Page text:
Age of Offenders. – The following are the ages of the offenders from ten years upwards:-- From 10 to 15 years, 88 males and 5 females; from 15 to 20, 47 males and 2 females; from 20 to 30, 994 males and 536 females; 30 to 40, 800 males and 408 females; 40 to 50, 540 males and 230 females; 5 [50] to 60, 234 males and 97 females; 60 to 70, 70 males and 21 females; 70 to 80, 9 males and 1 female; 80 to 90, 4 males; 90 to 100, 1 male. Total 4,124

Native Countries. –- Ireland, 1,424 males and 998 females; Canada, 469 males and 113 females; England, 422 males and 126 females; Scotland, 172 males and 46 females; America, 73 males and 24 females; Germany, 32 males; Negroes, 69 males and 29 females; other countries, 8 males.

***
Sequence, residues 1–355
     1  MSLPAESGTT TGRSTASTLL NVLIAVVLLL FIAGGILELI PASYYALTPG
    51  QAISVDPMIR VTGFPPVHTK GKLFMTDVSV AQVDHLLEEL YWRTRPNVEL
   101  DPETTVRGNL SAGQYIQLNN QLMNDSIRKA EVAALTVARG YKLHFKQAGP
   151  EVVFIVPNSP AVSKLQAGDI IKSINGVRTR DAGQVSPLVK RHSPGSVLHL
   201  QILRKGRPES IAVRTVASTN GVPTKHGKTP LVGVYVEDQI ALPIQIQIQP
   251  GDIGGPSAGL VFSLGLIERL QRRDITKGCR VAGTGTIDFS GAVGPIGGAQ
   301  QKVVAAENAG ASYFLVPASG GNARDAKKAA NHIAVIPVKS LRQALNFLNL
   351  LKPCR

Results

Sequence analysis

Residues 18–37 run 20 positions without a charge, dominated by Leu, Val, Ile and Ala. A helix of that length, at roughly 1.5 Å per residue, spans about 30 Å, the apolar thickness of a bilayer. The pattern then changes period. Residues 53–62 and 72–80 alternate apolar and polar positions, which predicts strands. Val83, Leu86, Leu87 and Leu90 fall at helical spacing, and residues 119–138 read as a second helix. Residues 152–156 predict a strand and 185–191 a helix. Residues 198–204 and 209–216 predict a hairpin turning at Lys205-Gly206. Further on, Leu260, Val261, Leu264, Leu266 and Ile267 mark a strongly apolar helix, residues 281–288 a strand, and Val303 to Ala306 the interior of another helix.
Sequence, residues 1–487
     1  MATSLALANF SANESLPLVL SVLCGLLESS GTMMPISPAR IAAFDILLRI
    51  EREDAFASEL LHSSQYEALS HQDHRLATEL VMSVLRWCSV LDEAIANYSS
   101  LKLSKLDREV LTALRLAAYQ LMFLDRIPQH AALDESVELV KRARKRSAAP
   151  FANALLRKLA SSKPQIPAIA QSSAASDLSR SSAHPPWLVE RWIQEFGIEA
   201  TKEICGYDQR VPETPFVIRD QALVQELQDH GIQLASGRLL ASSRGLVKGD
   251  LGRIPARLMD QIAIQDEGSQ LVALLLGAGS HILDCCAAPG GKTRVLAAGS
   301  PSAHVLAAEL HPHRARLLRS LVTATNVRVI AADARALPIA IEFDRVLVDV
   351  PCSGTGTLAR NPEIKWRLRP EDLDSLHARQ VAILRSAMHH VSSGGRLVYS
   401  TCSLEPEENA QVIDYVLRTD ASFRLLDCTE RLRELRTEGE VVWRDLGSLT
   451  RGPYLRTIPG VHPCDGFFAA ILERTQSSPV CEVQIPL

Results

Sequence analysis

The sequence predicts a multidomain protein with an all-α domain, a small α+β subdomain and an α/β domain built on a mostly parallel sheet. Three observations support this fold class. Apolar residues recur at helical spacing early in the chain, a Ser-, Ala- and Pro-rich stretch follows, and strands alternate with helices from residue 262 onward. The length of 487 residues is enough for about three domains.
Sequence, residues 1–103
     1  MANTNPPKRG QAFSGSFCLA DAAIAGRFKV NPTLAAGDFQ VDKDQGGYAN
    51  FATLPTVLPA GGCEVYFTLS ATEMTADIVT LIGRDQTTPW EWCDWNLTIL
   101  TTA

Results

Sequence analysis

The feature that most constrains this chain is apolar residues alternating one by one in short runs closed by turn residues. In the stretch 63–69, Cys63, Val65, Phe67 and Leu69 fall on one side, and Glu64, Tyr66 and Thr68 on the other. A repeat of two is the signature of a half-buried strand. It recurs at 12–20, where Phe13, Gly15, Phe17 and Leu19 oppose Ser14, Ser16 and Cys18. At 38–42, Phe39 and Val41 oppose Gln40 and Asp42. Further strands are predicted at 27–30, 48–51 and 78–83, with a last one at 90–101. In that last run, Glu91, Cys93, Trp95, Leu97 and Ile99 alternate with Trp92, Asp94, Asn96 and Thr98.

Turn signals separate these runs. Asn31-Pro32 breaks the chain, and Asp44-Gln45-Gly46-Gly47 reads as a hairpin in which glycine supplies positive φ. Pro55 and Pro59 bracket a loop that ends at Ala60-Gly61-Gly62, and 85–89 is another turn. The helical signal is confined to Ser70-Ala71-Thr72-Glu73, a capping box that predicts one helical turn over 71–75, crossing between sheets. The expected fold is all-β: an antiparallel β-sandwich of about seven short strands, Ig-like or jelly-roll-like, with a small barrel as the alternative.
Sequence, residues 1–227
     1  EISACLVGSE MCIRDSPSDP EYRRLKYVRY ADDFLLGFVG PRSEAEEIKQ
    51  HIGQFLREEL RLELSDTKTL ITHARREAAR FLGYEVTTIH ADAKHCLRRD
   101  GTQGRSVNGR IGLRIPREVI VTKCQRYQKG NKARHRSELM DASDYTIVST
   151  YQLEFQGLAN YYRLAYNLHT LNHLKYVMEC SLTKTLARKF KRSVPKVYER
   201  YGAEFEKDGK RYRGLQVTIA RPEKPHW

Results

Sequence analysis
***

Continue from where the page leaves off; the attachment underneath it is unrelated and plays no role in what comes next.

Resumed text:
The following statements shew the number of prisoners committed to the Gaol of the United Counties of York and Peel during he year 1863, from both the counties and the city:--

Counties—felons, males, 54; females, 8; misdemeanants, males, 55; females, 56; total males, 856; do. females, 63. City—felons, males, 184; do. Females, 55; misdemeanaets, males, 672; do. females, 874; total males, 856; do females, 932. The total number of prisoners of both sexes from the county and the city in 1863 was 1,961, showing a decrease of 120 prisoners compared with 1862.

Native Countries – The native countries of the prisoners were:--England, males 175, females 74—total, 249; Ireland, males 465, females 703—total 1,168; Scotland, males 62, females 35—total 97; Canada West, ma es [males] 155, females 93—total 248; Canada East, males 33, females 38—total 71; United States, males 66, females 40—total 106; Germany, males 7; other countries, males 9, females 12 -- total 21.